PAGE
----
The 35th edition of the Rockport Chamber Music Festival begins Friday night as the “Miraculous Menahem” (Pressler, 92) along with the brilliant young Parker Quartet essay Dvořák’s Piano Quintet in A Major, Op. 81 along with string quartets by Haydn and Bartok. We asked Artistic Director David Deveau to comment about this year’s Festival which runs at the beautiful seaside Shalin Liu Center through July 22nd. Tickets are available for virtually all programs. See www.rockportmusic for details and to order tickets.
DD: One of my particular pleasures in programming each festival season is providing musical surprises for our audience. There are many this summer. For example, the venerable percussion ensemble Nexus (June 4) will make its RCMF debut with a characteristically original, varied program of works of Steve Reich and George H. Green, among others. The Shalin Liu Performance Center’s superb acoustic is hospitable to a variety of instrumental and vocal timbres, and it will be fun to experience Nexus’s unique blend of percussion instruments in our hall.
Another surprise is the coffeehouse opera Othello in the Seraglio (the Tragedy of Sümbül the Black Eunuch (June 12). This work, with music by Mehmet Ali Sanlikol, tells an age-old story of passionate love and murderous jealousy. Sümbül, a Black slave in the 17th-century Ottoman Court, rises to power and riches, only to come to a tragic end. The staged piece is performed on European period instruments and traditional Turkish instruments by an ensemble of 12 instrumentalists, singers and a storyteller. It’s a uniquely powerful musico-dramatic experience.
In past seasons we’ve pushed the envelope with such offerings as The Play of Daniel and staged Charpentier operas, so Othello is following in our occasional outside-the-chamber music-box tradition. A different sort of surprise awaits in the form of a trumpet and piano recital by Brandon Ridenour and Naomi Kudo (June 10). Brandon is the first trumpeter of the Canadian Brass and will be performing the first trumpet recital ever at RCMF. His program is an appealing mix of Gershwin, Debussy, Ravel and Bernstein, with some piano solos in the mix to offer him a little rest (and to display Naomi’s solo virtuosity!) And yet another surprise is the Harlem Quartet joined by Cuban jazz pianist Aldo López-Gavilán, well-known for his tremendous skills which inspired jazz pianist Chucho Valdes to proclaim him “simply a genius, a star.” The concert includes works by Billy Strayhorn and Dizzy Gillespie, as well as several original compositions by López-Gavilán himself. This program is more jazz than “classical”, but with the string quartet onstage, our classical roots will be on full display.
LE: What about more standard fare?
Well, as a chamber music festival, we of course present a very substantial range of both familiar and less familiar works for traditional ensembles (e.g. piano trio, string quartet, duos for strings and piano, etc.) The surprises in this department this year come in the form of many 2016 Festival debuts: the brilliant piano trios Trio Solisti (June 5) and the renowned Kalichstein-Laredo-Robinson Trio (June 16); a world premiere of a new piano quintet by one of RCMF’s favorite living composers, Elena Ruehr played by pianist Donald Berman and the Borromeo quartet (June 9); New York based cellist Ben Capps will make his RCMF recital debut, joined by pianist Vassily Primakov, in an appealing program of Britten, Strauss and others (June 11).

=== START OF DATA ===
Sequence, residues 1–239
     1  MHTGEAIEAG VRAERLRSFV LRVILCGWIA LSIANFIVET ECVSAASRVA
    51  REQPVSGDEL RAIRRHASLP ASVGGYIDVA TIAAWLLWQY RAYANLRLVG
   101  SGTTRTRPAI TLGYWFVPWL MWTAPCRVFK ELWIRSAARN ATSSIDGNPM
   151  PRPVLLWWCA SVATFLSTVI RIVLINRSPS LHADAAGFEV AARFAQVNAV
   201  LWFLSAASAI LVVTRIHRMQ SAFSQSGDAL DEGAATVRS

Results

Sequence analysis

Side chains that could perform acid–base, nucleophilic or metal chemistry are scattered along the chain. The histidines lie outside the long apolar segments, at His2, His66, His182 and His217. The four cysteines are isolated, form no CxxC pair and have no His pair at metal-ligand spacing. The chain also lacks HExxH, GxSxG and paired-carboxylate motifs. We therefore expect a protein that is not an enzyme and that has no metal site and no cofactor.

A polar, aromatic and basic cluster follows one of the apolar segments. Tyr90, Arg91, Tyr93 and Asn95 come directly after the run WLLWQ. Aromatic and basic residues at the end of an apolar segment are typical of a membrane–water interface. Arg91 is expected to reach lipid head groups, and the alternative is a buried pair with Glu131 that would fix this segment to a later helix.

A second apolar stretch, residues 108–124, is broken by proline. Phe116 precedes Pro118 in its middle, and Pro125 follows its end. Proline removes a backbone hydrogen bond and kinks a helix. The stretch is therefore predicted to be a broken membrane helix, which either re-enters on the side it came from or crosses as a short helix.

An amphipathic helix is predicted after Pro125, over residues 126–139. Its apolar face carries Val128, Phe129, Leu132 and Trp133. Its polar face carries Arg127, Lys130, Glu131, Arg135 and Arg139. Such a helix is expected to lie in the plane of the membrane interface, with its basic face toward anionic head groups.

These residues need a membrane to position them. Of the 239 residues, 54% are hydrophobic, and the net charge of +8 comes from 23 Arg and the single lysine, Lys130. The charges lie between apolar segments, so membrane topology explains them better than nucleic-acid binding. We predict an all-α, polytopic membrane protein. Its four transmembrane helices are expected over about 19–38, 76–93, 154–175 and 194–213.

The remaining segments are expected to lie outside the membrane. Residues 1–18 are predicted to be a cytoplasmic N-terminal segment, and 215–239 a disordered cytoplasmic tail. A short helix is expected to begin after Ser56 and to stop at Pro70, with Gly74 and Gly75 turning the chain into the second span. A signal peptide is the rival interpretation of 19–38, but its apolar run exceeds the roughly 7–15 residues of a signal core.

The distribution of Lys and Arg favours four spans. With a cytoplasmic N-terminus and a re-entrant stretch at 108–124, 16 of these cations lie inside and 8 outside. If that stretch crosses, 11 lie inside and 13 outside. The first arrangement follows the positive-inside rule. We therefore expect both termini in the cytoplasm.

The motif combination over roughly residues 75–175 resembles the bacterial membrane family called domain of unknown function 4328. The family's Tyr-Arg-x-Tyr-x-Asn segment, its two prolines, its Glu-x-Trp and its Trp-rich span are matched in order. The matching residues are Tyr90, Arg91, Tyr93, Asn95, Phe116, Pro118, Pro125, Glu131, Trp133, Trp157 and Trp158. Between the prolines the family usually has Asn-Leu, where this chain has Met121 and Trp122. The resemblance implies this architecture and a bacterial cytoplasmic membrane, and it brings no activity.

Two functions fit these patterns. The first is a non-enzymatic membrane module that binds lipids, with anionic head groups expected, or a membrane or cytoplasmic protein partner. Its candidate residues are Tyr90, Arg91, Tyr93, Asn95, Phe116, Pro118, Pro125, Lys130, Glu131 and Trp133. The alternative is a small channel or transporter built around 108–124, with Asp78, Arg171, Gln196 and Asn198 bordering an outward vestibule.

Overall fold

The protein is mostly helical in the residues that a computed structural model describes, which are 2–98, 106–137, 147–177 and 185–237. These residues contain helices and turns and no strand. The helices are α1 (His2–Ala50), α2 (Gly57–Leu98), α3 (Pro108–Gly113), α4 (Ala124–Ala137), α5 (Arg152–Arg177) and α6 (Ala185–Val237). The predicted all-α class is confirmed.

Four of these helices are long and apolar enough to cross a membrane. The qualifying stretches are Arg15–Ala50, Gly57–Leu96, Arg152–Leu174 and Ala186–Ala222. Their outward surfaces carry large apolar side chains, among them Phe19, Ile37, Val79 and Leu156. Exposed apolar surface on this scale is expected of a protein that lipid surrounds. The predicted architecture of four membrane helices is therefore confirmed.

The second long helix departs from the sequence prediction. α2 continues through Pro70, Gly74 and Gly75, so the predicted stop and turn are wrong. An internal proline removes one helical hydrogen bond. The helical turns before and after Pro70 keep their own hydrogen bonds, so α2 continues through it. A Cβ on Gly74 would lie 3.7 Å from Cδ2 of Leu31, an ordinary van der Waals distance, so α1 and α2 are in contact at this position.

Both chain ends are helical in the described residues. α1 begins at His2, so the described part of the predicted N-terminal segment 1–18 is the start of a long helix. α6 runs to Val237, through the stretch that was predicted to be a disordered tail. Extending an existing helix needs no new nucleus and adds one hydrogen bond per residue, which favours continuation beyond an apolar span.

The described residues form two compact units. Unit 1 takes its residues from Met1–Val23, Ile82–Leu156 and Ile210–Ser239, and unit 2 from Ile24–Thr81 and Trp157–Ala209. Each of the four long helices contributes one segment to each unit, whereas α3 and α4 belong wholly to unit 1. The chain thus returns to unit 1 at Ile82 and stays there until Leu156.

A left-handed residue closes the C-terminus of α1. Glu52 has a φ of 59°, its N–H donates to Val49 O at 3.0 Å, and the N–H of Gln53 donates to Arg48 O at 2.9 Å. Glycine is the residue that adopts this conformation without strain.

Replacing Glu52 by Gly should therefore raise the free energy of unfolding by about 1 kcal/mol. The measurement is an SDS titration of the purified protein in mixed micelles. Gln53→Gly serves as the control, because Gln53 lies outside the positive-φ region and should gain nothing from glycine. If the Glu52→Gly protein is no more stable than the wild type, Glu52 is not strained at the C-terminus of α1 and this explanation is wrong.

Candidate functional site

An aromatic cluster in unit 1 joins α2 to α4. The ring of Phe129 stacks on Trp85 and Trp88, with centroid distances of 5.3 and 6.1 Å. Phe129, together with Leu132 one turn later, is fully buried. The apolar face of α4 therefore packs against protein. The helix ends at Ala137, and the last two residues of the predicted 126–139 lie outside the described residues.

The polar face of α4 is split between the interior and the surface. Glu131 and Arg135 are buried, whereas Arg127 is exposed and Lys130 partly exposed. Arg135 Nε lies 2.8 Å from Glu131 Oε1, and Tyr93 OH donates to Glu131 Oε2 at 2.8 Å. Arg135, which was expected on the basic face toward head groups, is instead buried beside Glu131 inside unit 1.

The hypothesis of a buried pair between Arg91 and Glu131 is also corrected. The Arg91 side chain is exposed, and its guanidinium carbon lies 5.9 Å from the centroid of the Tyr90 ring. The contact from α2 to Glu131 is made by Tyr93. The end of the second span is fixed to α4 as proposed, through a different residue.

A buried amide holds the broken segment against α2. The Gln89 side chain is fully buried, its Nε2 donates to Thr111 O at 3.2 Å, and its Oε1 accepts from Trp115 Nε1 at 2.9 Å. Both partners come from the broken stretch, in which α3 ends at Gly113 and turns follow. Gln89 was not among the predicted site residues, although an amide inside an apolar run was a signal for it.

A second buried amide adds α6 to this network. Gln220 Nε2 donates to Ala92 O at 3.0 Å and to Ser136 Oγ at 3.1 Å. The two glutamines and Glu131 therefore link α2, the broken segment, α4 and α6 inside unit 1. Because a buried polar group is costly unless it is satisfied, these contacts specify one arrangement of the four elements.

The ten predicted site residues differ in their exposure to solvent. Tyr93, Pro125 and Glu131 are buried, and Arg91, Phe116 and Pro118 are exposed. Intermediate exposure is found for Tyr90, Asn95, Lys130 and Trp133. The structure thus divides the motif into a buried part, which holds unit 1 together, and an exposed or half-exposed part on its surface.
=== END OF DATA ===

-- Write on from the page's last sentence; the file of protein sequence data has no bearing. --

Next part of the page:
French pianist Lise de la Salle makes her solo debut on June 18 with Beethoven, Ravel, Debussy and Brahms. On Father’s Day (June 19), the Boston-based Chameleon Arts Ensemble makes its debut in a program of works by JS Bach and three of his sons, which will clearly show the transition from the late Baroque to the early Classical eras. Another important RCMF debut comes on June 25 with a recital by newly appointed NY Philharmonic concertmaster Frank Huang, with longtime Festival favorite Gilles Vonsattel at the piano. The final surprises come at the end of the season with a Tango evening featuring violinist Cho-Liang Lin, clarinetist David Shifrin and friends playing works by Piazzola, Lalo Schifrin and others; and finally on July 10, the astonishing Russian-American pianist Kirill Gerstein who performs a recital of Beethoven and Liszt.
How about returning artists?
Of course, many Festival favorites are performing again this year, including violinist Andres Cardenes, BSO principal bass Edwin Barker (playing the Tubin bass concerto, premiered in Rockport in 1949!), Chanticleer (July 22); Jeremy Denk (June 30) and others.
Lots of terrific educational and ancillary activities—family concerts, pre-concert lectures, Friday prelude-suppers in our beautiful ocean-view reception hall, a masterclass, an open rehearsal.
This is your penultimate season as Artistic Director. What can we expect of your final season in 2017?
A few surprises, no doubt…, but also, many returning artists and ensembles who’ve been closely associated with RCMF during my 22 years at the helm. Stay tuned. It will be fun!
We’ll miss you thereafter.